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Oil rises on expectation of OPEC cut

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[October 20, 2008]  VIENNA, Austria (AP) -- Expectations that OPEC will cut output later this week sent oil prices upward Monday.

Anticipation of such a move outweighed continuing bearish sentiment prompted by fears that the world's largest economies may face recession, which would reduce oil consumption

Light, sweet crude for November delivery rose $1.66 to $73.51 a barrel in electronic trading on the New York Mercantile Exchange by noon in Europe. The contract Friday gained $1.53 to settle at $71.38.

Chakib Khelil, president of the Organization of Petroleum Exporting Countries, said Sunday that members plan to announce a "substantial" cut at a meeting that begins Oct. 24 in Vienna.

Khelil, who is also Algeria's energy minister, said OPEC may cut output again at a meeting in December, and that the group considers the oil market oversupplied by about 2 million barrels a day, Khelil said.

Venezuelan President Hugo Chavez said Sunday he would like prices between $80 and $90 a barrel.

"The market is factoring in a big cut. It will likely be as much as 2 million barrels," said Mark Pervan, senior commodity strategist with ANZ Bank in Melbourne. "I think they will go pretty large just to change the sentiment."

Investors largely ignored an OPEC output reduction of about 520,000 barrels a day last month, focusing instead on weakening demand.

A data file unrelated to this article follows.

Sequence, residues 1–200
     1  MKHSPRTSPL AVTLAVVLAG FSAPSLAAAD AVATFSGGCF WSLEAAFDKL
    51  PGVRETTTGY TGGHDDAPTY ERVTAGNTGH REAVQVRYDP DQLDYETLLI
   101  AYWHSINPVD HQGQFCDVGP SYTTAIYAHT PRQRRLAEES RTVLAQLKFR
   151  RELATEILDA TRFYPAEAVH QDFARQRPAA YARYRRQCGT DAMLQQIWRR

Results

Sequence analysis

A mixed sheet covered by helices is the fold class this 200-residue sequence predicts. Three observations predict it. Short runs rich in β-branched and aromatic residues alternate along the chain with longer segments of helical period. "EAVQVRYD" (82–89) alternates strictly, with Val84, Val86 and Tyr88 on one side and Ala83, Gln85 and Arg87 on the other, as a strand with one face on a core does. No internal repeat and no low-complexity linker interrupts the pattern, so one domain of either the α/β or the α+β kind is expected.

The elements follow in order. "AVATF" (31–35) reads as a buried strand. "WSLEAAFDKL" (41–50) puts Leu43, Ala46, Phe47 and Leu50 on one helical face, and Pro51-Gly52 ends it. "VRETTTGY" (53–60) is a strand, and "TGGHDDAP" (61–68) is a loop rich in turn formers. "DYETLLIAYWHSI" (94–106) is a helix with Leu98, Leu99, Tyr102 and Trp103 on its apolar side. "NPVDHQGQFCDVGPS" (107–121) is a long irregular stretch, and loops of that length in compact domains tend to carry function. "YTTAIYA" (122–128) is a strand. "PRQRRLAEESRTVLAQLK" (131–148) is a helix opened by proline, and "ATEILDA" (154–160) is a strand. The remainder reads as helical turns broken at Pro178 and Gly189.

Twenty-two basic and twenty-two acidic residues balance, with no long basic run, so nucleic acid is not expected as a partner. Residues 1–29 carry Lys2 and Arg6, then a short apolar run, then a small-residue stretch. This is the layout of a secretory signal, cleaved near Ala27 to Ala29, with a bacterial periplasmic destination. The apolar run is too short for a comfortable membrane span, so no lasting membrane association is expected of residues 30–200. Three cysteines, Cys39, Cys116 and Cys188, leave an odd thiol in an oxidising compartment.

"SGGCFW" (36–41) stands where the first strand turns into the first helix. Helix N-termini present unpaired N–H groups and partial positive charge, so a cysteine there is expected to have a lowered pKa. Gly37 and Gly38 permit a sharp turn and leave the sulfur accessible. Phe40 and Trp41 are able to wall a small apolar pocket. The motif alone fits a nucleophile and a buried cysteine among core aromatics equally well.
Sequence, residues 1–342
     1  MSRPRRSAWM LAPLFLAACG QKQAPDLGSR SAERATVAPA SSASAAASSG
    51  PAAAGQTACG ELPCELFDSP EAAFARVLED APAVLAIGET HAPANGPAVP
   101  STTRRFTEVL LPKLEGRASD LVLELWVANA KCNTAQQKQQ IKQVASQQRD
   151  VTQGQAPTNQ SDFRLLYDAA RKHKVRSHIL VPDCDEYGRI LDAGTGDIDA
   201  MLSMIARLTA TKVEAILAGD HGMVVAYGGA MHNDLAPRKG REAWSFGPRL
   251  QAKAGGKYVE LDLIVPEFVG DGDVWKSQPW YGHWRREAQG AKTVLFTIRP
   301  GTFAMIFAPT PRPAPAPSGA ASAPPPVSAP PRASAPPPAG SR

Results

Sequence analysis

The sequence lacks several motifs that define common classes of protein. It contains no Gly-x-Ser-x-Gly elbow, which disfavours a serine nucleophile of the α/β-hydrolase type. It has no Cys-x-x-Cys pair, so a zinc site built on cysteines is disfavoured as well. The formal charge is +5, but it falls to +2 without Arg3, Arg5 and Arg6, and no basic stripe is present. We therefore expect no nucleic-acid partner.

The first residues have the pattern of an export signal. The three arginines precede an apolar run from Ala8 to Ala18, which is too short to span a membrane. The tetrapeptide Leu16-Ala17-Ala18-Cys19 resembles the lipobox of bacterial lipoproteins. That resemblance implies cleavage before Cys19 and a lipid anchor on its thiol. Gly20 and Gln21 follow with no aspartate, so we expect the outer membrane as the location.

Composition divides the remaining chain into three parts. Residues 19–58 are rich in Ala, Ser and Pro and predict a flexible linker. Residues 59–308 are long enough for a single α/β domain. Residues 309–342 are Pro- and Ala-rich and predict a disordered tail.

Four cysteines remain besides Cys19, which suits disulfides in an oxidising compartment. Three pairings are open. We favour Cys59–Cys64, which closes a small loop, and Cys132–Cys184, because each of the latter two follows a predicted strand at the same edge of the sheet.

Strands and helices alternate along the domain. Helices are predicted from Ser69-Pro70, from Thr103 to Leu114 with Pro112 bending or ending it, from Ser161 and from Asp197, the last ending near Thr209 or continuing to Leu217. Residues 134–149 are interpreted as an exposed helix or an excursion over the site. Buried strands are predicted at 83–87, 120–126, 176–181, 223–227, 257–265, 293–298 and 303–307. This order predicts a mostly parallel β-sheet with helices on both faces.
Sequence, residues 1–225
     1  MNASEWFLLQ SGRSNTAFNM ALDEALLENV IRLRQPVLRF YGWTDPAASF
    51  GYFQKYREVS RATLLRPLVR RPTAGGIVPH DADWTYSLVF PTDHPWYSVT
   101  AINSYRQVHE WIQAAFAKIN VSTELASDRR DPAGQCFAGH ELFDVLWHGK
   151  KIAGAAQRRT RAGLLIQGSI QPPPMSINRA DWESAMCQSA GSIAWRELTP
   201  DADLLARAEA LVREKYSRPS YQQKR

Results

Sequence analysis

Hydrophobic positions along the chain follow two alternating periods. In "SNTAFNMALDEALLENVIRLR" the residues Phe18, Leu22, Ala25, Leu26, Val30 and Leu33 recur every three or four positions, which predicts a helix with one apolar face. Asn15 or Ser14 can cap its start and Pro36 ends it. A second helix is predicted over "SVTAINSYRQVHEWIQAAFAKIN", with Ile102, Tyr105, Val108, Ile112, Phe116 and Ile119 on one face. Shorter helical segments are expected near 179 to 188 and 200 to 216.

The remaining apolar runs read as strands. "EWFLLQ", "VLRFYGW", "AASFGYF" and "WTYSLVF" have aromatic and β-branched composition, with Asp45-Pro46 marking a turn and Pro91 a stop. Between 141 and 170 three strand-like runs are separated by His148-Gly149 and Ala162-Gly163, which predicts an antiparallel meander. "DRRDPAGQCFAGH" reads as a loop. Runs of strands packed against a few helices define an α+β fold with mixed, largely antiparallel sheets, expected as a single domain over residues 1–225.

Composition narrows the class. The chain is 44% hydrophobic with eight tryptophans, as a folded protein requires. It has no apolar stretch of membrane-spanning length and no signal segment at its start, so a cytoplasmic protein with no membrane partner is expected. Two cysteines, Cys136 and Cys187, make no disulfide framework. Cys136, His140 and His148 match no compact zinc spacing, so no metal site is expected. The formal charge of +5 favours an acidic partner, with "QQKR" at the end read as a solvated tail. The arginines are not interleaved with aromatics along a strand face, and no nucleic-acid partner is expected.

Vienna's JBC Energy suggested that -- beyond an OPEC cut of at least 1 million barrels a day -- a surprise in the form of Russia also reducing output in coordination with the Organization of Petroleum Exporting Countries -- may be in the offing.

"The likelihood of such a move should not be underestimated, as Moscow has recently been seen putting more emphasis on its relationship with OPEC, having sent Vice Premier (Igor) Sechin to attend the last meeting in September," it said in a research note.

Fears that turmoil in global financial markets will spark an economic slowdown in developed countries has helped push prices down from a record $147.27 in July.

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Last week, news of rising U.S. oil inventories, falling retail sales and slowing housing starts fueled concerns that the world's largest economy may face a major recession that will undermine demand for crude.

"Oil demand in the U.S. will be a bellwether," Pervan said. "If the US, Europe and Japan go into a major recession, there's no reason we can't see $35, $40 a barrel."

In other Nymex trading, heating oil futures rose more than 2 cents to $2.16 a gallon, while gasoline prices gained over 4 cents to $1.71 a gallon. Natural gas for November delivery surged 16 cents to $6.95 per 1,000 cubic feet.

In London, November Brent crude was up $1.46 to $71.06 a barrel on the ICE Futures exchange.

[Associated Press; By GEORGE JAHN]

Associated Press writer Alex Kennedy contributed to this report from Singapore.

Copyright 2008 The Associated Press. All rights reserved. This material may not be published, broadcast, rewritten or redistributed.

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